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An Estimate of the Size and Cost of the Thousands of the al-Saud Clan 


This article is sourced from Chapter Six of my book Oil and GodRenewable Energy Will Defeat Wahhabi Terror



Estimated in 2018 to be more than 11,000 direct descendants of King Abdulaziz, the founder of the dynasty, the al-Saud family is probably the largest ruling family in history. When the families of Abdulaziz’s brother and the half-dozen half-brothers are added, the extended family might be 15,000, possibly more. When the families of Abdulaziz’s cousins, such as Saud al-Kabir and Abdallah bin Turki are added, the number becomes greater. When families into whom the al-Sauds married, such as al-Jiluwi, al-Sudairi and al-Thunayyan are added, the grand total will grow even further. To say that the grand total could reach 30,000 might be an underestimation.


There are five generations of descendants of the founder of the Saudi dynasty, King Abdulaziz al-Saud (d. 1953). According to Leslie Mc Laughlin, the patriarch fathered “43 sons and many daughters.”[1] Upon the patriarch’s death, 35 sons were alive. These sons were born to seventeen wives and concubines (source: Various): 


The Wives: Wadha (King Saud) + Tarfah (King Faisal) + Jawhara (Muhammad, King Khalid) + Hassa al-Sudairi (King Fahed, Sultan, Abdulrahman, Nayif, Turki, King Salman, Ahmad) + Haya al-Sudairi (Badr, Abdulmajeed) + Jawhara al-Sudairi (Sa’ad, Abdelmuhsen, Musa’ed) + Noff (Thamer, Mamdouh, Mashhour) + Fahda (King Abdallah) + Bazza-I (Nasser).


The Concubines: Bazza-II (Bandar, Fawwaz) + Shahida (Mansour, Mish’al, Mit’ab) + Manayer (Talal, Nawwaf) + Moudi (Sattam, Majid) + Bushra (Mishari) + Baraka (Miqrin) + Fatima (Hmoud) + Sai’ida (Hathloul).

Only the descendants of the male children who were alive at the time of the patriarch’s death will be counted. The descendants of the daughters will not be counted. The al-Saud women marry their cousins and extended family. 


At the time of this writing, 9 sons of Abdulaziz’s first generation are alive, including the current king, Salman. The 35 first generation sons may have produced 525 second-generation children [35 sons at an assumed average of 15 children each (35 x 15 = 525)]. King Saud alone, for example, the eldest son of King Abdulaziz, had 53 sons and 54 daughters[2]


The 263 second-generation sons (525 / 2) are assumed to have produced 8 children each, or 2,104 of third generation children (263 x 8 = 2,104). The younger generation is less likely to marry more than one or two wives at any one time, compared with up to four wives at any one time for many of the older generation. The three generations would total 2,638 princes and princesses (9 + 525 + 2,104 = 2,638).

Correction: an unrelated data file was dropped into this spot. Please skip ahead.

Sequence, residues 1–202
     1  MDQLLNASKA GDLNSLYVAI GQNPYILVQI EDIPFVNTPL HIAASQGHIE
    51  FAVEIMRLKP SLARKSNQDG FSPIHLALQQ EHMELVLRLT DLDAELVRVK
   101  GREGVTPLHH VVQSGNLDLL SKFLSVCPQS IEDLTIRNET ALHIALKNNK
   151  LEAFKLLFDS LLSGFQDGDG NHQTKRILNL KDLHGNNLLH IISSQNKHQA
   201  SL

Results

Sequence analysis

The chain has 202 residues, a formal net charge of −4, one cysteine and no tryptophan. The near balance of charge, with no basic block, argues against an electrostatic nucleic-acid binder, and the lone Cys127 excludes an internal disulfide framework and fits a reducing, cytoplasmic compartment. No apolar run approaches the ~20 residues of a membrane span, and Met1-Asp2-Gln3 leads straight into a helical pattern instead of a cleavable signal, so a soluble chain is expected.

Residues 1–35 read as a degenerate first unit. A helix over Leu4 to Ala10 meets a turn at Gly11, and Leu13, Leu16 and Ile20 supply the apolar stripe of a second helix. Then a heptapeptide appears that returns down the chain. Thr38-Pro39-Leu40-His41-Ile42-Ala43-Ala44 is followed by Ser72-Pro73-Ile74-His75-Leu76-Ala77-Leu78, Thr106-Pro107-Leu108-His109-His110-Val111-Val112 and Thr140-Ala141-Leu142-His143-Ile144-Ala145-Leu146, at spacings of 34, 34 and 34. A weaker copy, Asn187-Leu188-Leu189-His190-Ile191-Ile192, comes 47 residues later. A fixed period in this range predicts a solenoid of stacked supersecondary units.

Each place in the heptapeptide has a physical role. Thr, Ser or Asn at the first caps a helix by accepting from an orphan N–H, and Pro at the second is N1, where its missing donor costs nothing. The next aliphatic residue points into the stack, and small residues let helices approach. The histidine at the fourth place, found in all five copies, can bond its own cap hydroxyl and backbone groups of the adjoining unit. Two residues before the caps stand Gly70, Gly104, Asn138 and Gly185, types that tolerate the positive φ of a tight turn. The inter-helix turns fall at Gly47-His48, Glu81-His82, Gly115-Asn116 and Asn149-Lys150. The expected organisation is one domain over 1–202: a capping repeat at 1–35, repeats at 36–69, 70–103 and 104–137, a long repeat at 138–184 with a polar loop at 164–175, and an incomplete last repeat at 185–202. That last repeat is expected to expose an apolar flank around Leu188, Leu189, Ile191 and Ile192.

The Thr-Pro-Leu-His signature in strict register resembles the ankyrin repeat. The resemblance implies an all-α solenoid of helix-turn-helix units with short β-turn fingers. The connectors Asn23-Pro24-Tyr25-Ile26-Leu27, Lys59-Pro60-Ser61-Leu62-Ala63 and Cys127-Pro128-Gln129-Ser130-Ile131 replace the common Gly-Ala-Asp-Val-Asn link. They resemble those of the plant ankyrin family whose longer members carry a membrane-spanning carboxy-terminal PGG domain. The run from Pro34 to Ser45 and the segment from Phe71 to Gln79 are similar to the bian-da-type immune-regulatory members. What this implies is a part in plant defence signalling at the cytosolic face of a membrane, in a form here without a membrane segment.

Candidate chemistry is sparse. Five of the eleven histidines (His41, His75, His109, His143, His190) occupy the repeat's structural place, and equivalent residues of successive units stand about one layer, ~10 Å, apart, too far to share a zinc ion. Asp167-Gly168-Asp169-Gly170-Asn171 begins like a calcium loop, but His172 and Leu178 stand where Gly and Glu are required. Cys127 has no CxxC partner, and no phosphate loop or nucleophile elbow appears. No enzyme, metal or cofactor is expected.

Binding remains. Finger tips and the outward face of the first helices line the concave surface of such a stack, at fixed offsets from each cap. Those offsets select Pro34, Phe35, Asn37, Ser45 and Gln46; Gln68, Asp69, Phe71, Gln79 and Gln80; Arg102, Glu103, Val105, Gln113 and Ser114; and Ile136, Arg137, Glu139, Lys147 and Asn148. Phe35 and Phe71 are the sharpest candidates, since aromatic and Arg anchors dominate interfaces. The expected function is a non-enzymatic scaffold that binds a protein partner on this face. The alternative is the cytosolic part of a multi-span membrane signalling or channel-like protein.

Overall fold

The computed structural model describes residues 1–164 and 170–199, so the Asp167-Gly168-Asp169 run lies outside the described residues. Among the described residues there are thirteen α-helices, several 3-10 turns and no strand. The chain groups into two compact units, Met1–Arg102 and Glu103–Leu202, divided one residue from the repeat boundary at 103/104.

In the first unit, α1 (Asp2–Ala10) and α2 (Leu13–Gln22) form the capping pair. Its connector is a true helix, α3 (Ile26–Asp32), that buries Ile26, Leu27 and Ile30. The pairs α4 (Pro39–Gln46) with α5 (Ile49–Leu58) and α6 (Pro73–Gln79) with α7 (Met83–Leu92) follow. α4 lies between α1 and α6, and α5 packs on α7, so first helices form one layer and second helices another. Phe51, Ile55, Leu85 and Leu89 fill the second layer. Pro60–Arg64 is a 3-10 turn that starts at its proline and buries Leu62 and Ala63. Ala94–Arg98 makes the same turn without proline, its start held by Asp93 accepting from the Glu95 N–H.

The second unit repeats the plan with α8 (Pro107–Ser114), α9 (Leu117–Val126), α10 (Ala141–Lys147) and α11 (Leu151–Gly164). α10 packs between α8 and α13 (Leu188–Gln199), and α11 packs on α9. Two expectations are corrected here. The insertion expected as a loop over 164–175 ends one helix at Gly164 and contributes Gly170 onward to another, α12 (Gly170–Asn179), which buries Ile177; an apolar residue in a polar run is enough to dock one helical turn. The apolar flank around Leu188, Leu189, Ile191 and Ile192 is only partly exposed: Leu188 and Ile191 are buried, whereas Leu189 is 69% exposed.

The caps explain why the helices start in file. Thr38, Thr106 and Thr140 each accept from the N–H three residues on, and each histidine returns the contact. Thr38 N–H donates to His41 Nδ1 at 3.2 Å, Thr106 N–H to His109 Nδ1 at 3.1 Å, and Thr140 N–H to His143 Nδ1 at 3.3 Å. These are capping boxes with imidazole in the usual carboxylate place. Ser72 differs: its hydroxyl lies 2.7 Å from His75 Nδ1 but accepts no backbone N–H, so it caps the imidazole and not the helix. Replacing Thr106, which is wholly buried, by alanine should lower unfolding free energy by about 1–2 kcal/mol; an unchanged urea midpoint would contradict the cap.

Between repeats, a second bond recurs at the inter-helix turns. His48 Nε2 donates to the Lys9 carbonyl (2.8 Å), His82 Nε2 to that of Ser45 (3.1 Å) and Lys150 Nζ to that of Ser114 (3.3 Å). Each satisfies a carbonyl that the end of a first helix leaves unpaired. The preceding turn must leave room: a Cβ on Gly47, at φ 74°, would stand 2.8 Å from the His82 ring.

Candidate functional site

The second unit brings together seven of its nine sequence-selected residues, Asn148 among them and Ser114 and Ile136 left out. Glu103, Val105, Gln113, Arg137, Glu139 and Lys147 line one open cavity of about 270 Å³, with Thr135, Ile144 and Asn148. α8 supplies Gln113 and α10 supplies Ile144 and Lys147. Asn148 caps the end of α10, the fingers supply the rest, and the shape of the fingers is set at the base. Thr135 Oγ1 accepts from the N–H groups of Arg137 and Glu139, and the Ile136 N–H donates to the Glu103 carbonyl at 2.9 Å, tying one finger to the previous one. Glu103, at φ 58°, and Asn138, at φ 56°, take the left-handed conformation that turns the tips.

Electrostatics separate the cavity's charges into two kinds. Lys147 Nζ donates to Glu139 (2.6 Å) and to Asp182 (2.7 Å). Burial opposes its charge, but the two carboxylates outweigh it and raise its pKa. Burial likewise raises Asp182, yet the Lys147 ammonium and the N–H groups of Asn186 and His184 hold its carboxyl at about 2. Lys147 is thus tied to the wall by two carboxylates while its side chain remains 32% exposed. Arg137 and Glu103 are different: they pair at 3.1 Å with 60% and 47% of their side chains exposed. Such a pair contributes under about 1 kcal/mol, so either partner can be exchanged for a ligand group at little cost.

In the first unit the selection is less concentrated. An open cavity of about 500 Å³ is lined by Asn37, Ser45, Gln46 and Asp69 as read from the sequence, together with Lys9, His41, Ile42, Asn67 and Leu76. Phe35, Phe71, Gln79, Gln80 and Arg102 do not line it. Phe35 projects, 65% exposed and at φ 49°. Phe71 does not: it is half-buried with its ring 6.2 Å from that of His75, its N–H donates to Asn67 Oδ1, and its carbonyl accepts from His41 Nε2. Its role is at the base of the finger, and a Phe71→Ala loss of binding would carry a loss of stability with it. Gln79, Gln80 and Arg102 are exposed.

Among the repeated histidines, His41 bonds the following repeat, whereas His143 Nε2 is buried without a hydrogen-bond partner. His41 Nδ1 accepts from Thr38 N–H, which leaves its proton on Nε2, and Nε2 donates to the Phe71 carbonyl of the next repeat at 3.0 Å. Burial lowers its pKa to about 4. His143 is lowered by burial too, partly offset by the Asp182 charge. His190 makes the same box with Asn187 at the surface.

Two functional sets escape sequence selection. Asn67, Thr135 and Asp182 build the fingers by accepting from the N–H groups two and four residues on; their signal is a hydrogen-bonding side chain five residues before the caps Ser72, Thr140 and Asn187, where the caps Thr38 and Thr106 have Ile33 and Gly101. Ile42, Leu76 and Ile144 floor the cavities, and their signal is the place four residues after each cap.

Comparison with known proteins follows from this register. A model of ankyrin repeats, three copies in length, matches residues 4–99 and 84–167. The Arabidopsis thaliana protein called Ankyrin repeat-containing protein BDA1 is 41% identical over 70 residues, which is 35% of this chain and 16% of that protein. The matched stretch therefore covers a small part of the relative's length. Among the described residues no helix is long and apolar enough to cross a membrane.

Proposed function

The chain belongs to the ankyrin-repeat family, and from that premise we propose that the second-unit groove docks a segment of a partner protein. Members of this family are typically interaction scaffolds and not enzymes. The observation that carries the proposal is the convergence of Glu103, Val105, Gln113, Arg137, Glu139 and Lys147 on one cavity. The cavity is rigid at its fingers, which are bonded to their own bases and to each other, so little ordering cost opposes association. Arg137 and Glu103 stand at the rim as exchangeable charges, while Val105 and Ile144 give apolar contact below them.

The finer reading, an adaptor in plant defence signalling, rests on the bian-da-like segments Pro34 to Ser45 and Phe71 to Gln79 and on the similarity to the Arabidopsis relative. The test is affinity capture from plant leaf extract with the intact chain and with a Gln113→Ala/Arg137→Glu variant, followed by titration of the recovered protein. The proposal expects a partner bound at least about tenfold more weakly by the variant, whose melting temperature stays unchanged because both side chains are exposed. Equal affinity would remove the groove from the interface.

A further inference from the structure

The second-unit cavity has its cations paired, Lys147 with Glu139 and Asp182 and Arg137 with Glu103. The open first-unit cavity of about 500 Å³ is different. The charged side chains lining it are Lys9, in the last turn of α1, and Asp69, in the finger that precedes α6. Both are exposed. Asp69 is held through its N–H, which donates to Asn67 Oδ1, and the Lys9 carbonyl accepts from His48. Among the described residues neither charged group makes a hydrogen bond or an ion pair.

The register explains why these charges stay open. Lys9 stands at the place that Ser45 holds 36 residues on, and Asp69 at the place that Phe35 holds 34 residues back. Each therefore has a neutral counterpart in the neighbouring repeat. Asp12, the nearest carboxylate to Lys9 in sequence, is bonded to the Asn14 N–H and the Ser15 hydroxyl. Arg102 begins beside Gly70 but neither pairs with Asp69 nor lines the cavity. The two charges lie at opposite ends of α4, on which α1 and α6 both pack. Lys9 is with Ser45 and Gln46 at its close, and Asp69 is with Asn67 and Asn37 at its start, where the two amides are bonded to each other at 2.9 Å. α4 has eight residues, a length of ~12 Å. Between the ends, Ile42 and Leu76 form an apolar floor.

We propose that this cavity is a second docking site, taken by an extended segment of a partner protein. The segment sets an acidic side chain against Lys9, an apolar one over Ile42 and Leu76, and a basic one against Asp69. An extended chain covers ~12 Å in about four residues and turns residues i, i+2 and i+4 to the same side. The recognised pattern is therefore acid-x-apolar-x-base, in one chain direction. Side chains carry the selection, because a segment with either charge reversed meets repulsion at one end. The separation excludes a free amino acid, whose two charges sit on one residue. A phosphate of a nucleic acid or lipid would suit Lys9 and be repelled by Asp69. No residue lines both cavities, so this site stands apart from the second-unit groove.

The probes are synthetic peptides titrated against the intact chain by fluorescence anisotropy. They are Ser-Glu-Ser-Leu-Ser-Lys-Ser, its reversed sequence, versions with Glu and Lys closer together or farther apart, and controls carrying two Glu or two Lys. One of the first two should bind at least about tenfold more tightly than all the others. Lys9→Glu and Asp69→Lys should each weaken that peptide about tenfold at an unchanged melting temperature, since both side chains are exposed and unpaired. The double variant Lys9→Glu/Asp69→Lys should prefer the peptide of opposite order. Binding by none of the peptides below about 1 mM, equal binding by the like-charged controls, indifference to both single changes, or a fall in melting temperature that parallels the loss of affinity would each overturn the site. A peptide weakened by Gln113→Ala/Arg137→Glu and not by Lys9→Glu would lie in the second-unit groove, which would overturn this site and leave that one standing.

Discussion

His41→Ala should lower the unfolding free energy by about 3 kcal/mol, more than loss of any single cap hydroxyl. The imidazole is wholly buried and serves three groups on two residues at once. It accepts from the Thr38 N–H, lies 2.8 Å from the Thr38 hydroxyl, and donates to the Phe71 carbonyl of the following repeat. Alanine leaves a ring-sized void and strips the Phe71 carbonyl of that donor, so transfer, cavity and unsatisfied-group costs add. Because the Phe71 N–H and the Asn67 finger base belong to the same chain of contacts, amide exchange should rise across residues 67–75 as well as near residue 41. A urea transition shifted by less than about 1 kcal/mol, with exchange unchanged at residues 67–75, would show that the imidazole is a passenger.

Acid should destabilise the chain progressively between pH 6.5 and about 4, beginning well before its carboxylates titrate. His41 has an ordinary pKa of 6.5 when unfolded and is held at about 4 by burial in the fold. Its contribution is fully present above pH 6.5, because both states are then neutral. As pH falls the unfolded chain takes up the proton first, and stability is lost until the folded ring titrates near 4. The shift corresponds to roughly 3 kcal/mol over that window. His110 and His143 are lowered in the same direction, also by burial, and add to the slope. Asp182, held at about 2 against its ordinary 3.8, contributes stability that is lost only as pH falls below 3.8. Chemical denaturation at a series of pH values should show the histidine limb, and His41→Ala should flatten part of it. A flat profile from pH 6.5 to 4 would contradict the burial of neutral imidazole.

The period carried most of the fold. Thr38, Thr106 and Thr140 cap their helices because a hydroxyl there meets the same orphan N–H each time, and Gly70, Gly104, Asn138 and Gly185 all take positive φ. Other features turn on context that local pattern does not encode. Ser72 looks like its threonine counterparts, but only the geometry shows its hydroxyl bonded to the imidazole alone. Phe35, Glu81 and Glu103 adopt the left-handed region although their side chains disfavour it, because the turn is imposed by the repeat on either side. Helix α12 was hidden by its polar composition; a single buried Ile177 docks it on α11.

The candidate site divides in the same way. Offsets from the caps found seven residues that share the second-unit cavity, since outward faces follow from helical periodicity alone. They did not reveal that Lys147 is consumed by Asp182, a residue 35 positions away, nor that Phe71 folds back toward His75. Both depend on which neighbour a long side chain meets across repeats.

Of the third generation, it is assumed that each of the 1,052 sons (2,104 / 2 = 1,052) has 6 children each, for a total fourth generation of 6,312 children (1,052 x 6 = 6,312). The four generations would total 8,950 (9 + 525 + 2,104 + 6,312 = 8,950). 


Assuming that a third of the fourth generation male children are married and each has 2 children, the number of the fifth generation children would be 2,104 (6,312 / 2 = 3,156 / 3 = 1,052 x 2 = 2,104).


The grand total of the five generations of direct descendants of Abdulaziz al-Saud becomes 11,054 (9 + 525 + 2,104 + 6,312 + 2,104 = 11,054).  


The Financial Burden of the Al-Saud Clan on the Saudi Treasury: A sliding scale of monthly salaries is paid to al-Saud family members, according to their position in the genealogical hierarchy and proximity to the founding patriarch. A special department at the Ministry of Finance by the non-descript name of al-Idarat al-Aammah Li-lmuqarrarat Wal-Kawaed (General Administration for Allowances and Guidelines) administers these payments. 


The burden of the ruling family on the national treasury is secret. It may be estimated, however, that the annual cost of the immediate family of King Abdulaziz is in the region of $11 billion, at the assumed low average of $1 million per descendant. This estimate does not include lump-sum special handouts of cash or grants of public lands or crude oil allocation to certain members of the family. In addition to cash, the King allocates crude oil for a certain period of time to certain princes. The recipient sells the bounty through an agent. These allocations are not reported in official Saudi oil export statistics. They raise OPEC’s export quota for Saudi Arabia clandestinely.


Members of the al-Saud family have become extraordinarily wealthy. Some royals engage in trading and construction businesses. They earn phenomenal commissions/bribes on government contracts. They break the law with impunity.


Legendary extravaganceon palaces in Saudi Arabia and in European and American cities, on grand private jets, super-yachts, fleets of the most expensive luxury and sports cars, and on obscenely expensive jewellery are a typical way of life for most of the al-Sauds. It is common for a vacationing prince to carry a million dollars in banknotes and travellers checks for incidentals.


Out of the country’s oil revenues between 1981 and 2016 of $3.22 trillion between 1981 and 2008 (Saudi Arabian Monetary Agency annual reports), the surviving sons of King Abdulaziz, their children, and the descendants of his deceased children might have cost the Saudi Treasury $350 billion in the form of commissions/bribes on weapon purchases and infrastructure projects. When the monthly stipends, special cash handouts, and land and oil grants are added, the total could reach $700 billion.



[1]Leslie Mc Laughlin, Ibn Saud: Founder of a Kingdom, (Palgrave Macmillan, St Antony's Series)/1993), P.206.

[2] Madawi Al-Rasheed, A History of Saudi Arabia. Cambridge: Cambridge University Press, 2003.